SIOUX CITY -- After decades at a site along Business Highway 75, Keizer Refrigeration, Inc., moved last year into a new facility in Sioux City's Bridgeport industrial area.
Keizer opened on July 30 a 55,000-square-foot facility at 5220 Harbor Drive, eight miles to the south of its previous location in the 3200 block of Highway 75.
Mike Wooster, operations manager at Keizer, said the firm had outgrown its previous site, where employees were divided into separate buildings and some parts storage was located outside.
"We had sales people in one building, service and parts in another. As time went on, we had to push service into both buildings, scattered parts between two buildings," Wooster said in an interview last summer. "So now we're all under one roof, which made a big improvement."
The company was founded by the late Jim and Jackie Keizer in 1976. Jim began working on refrigeration units at truck stops and businesses out of the back of his pickup truck, with a tool chest borrowed from his father.
"He started a one-man show," current Keizer president Shane Keizer said of his father.
The business expanded to include operations Sioux City, Sioux Falls, Omaha and Des Moines. The company purchased the Mid-States Utility Trailer Sales in 2001.
The Sioux City Keizer's site now has 57 employees, and is the largest in the fleet.
Most everything is bigger and better at the new building, from the break room to the conference room to the parts storage room. The expanded service department now has 18 bays, compared to 10 at the old facility, and the outdoor lot has room for 300 trailers.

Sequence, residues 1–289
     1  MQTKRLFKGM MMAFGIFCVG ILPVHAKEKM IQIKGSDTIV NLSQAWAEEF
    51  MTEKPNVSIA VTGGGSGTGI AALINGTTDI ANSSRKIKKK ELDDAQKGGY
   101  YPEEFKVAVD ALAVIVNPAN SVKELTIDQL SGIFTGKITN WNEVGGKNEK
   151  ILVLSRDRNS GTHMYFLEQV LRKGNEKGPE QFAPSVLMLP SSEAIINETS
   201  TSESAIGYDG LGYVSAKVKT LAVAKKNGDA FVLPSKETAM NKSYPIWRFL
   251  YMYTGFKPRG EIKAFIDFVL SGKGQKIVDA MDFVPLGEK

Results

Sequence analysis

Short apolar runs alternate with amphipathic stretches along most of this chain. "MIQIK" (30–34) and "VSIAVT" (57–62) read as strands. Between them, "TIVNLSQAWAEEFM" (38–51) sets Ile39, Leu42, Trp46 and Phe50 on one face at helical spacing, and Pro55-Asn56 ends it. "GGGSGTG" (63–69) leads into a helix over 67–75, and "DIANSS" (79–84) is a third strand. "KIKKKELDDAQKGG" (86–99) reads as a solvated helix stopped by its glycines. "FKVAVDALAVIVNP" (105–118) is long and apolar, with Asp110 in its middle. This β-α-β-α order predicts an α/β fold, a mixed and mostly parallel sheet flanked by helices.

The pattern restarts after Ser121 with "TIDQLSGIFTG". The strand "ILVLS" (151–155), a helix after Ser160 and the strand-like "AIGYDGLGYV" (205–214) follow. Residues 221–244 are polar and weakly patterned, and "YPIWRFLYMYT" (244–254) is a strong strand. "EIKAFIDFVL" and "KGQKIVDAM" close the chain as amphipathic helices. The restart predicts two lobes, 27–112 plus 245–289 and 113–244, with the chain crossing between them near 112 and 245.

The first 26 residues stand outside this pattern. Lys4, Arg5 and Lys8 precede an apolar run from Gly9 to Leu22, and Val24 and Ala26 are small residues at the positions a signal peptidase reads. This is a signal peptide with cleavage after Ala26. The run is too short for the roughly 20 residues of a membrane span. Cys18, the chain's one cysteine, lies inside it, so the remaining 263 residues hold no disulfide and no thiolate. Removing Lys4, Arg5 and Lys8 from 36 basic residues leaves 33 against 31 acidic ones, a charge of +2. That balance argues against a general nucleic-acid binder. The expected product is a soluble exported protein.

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Katerina Pickup, a marketing coordinator for Mid-States Utility Trailer Sales, said that one of the best parts of the new location is how visible it is to travelers along Interstate 29 who sometimes stop by when they see a trailer they're interested in.
"That's great exposure for us," she said.
Keizer's previous location once had similarly high traffic, but over the years Highway 75 became far less busy, which meant fewer customers seeing the business from the road.
Where before they had too many people for the space, Keizer now has room for growth and is faced with a tight labor market.
"Everybody's looking for people," Keizer said. "If we could have five, six, eight more technicians right now, it would be great."
Demand for Keizer's refrigerated trailers has been very high, Keizer said. Semi trucks are somewhat like the arteries (or perhaps the muscles) of the economy -- when things are going well and demand is growing, the nation's truck lines become bigger and busier.
It's hard to overstate how important semi trucks are to the economy, Wooster said -- it would be impossible to get lettuce from California to Iowa, or to get beef from Iowa to New York, without refrigerated semitrailers.
"Anytime you see a truck on the road, they're hauling anything you use in the day," Wooster said. "This building was built by materials brought here on trucks."